Most other elements in this build are minor (such as wallpaper for all devices with always-on displays). There is an important change to privacy, though. Much as with iOS, you can limit permissions for location and other sensitive features so that it runs only while an app is in the foreground. You wouldn’t have to worry about an app gathering data behind your back, or a GPS app chewing up your battery when you aren’t using it. A revamp of the overall permissions section would give you a quick glimpse of the features your apps are using.

You’ll probably have to be patient before you can try Android Q yourself, regardless of how many elements survive the development gauntlet. Google didn’t release the Android P public preview until May of 2018, and the completed version waited until August. This is more of a tentative glance at the future than a definitive peek.

https://www.engadget.com/2019/01/17/android-q-dark-theme-desktop-mode/

773 million email addresses have been leaked – check if yours is on the list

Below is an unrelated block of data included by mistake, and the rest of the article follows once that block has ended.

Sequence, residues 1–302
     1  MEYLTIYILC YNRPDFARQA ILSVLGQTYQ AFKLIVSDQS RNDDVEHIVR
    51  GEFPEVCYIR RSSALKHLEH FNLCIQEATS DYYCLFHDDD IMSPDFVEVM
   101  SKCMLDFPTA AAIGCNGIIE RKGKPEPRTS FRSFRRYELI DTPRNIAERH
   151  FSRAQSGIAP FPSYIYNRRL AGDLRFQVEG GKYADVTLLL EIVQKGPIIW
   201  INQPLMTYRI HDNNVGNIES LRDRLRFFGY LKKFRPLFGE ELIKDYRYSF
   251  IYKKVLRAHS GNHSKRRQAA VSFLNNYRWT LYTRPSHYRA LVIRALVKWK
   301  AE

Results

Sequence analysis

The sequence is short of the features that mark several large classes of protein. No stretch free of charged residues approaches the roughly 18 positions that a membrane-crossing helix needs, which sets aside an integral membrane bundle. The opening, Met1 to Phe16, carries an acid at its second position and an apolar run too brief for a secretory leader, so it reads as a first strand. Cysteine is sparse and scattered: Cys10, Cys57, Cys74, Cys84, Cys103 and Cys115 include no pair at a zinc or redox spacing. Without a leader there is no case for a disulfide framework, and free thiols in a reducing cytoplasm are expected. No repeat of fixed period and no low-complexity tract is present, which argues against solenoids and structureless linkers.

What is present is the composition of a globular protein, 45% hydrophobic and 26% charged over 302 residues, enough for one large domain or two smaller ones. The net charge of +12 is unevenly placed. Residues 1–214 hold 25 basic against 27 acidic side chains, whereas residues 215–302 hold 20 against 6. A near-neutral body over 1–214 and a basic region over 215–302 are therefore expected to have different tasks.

We’re just over two weeks into 2019, and one of the biggest data leaks in recent years has surfaced. Today, renowned security researcher Troy Hunt reported a massive leak consisting of 773 million unique email IDs and 21 million unique passwords, which he refers to as Collection #1.

Hunt said that multiple people reached out to him last week and pointed to a constellation of 12,000 files with a total size of 87GB, and nearly 2.7 billion records, hosted on MEGA. He added that the files have been removed from the hosting platform, but they persist on a popular hacking forum (that he didn’t name). Hunt said the forum post described the source of the data as “a collection of 2000+ dehashed databases and Combos (combinations of email addresses and passwords) stored by topic.”
This is arguably the biggest data leak after Yahoo’s colossal debacle of 2013 that affected nearly three billion accounts. The only consolation is there’s no sensitive information – like credit card details – in the leaked files.
How to check if you’re affected

You can easily check if your email ID was a part of the Collection #1 thanks to Hunt, who has integrated the database in his website Have I been Pwned. The site is a database to search email IDs that have been part of data leaks.

To check yours, just head to the site, and enter your email ID in the dialog box. If your email ID was not part of the data breach, you’ll get a message as shown below, and you can rest easy.

https://thenextweb.com/security/2019/01/17/773-million-email-addresses-have-been-leaked-check-if-yours-is-on-the-list/

US legislators introduce bills targeting Chinese tech companies